The older you have become, the more exceptions you have encountered which shatter common stereotypes. By the time you hit 70-80 years of age, the whole of humanity probably seems like am unweighted random behaviour generator.
This is beautiful.
Many slashdotters defend "We the people" saying that people have no choice. They claim, for example, both Dems and Reps. take turns tightening the noose whereas people actually like liberty.
The fact is that Dems. and Reps. *both* are very sensitive to opinion polls.
The problem *is* We the people. The fact that we slashdotters don't realize in our slashdot bubble is that a *majority* of population does believe that TSA is necessary, and that TSA are good for the nation.
So, I agree. Ultimately, the real problem is not Dems or Reps. It's We the People. By and large, the policies of countries do tend to reflect what We the People believe.
You can't excuse the populace as a whole and simply blame the "system."
Participation in fraud and selling stolen goods is hardly capitalism.
Maybe you should look at how things work in the real world instead of believing what a bunch of philosophers tell you they think ought to happen. Hint: Karl Marx and Ayn Rand both developed economic theories that were entirely logical and self-consistent.
selling US government secrets to the remnants of the old Soviet Union is now called 'free market capitalism'
Yes. Yes, it is.
What, you were expecting something more idealistic? Sorry, sucker, welcome to the real world.
Yes. This is an important distinction. "They also laughed at Bozo the Clown."
Hoyle wasn't purely a crank, of course. He was a very good scientist, who had made major contributions to his field, but who just couldn't accept new ideas past a certain point, and thereby became a crank. This phenomenon isn't universal by any means, but it's sadly common.
The actual benefits from pharmacogenetic testing for Warfarin metabolism are swamped by all the other factors which affect Warfarin metabolism (eg diet and other meds).
The FDA disagrees, and so does the evidence. And there are a whole lot of areas where pharmacogenetics is starting to have an impact on treatment. In any case, pharmacogenetics is a subset of pharmacogenomics; for example, as I mentioned in another comment, the lab where I work is working on expression-based tests for prediction of altitude sickness and setting up drug trials.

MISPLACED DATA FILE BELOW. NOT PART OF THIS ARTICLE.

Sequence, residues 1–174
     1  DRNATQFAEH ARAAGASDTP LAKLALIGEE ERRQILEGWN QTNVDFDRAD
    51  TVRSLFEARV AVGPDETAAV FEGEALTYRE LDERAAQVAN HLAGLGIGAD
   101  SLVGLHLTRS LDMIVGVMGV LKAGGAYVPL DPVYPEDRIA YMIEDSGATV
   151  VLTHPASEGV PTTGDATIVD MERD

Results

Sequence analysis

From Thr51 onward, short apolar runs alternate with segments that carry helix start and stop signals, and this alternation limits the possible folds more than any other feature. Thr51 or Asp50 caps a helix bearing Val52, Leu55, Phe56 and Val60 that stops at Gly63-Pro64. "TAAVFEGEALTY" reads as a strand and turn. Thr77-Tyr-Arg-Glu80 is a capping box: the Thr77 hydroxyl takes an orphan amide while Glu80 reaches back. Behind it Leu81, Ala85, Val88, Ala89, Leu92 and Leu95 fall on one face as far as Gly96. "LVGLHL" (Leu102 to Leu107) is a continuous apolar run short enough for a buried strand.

The clinical trials framework that's evolved over the decades isn't really equipped to deal with personalized medicine, but that's starting to change. Where I work, we're starting to understand the genomic basis of altitude sickness and putting together treatment trials on that basis. This is an area where the potential market is pretty large, of course, and for rare diseases that affect small numbers of people it's going to be harder, but if we can develop a generally accepted body of protocols for individualized trials then it should be possible to apply this to smaller groups as time goes by.
Urgh. Good point.
I'll bet there's a model that could take all stuff this into account, and sufficient data to estimate the parameters. But trying to figure out what that would be feels too much like work.
If you look over the past 500 billion years, the geological record shows that there is a mass extinction event roughly every 62 million years.
So we have records of about, what, eight thousand mass extinctions? Wow, I had no idea.
Too many people suffer and die from too many diseases that we more or less understand, but can't effectively treat. I hated it when I worked in hands-on patient care, and I hate it now in the lab. We are, finally, getting there."
Okay, makes sense. So we probably already have the data available to do a pretty good analysis of impact periodicity.
I understand why they're getting a weak signal here on Earth, where most craters will have long since been erased by erosion and surface remodeling. But I'll bet we could get a much stronger signal from the Moon, particularly the far side. Do we have the ability to get dates for craters there from orbiting probes, or is that something we'd have to collect physical samples to do?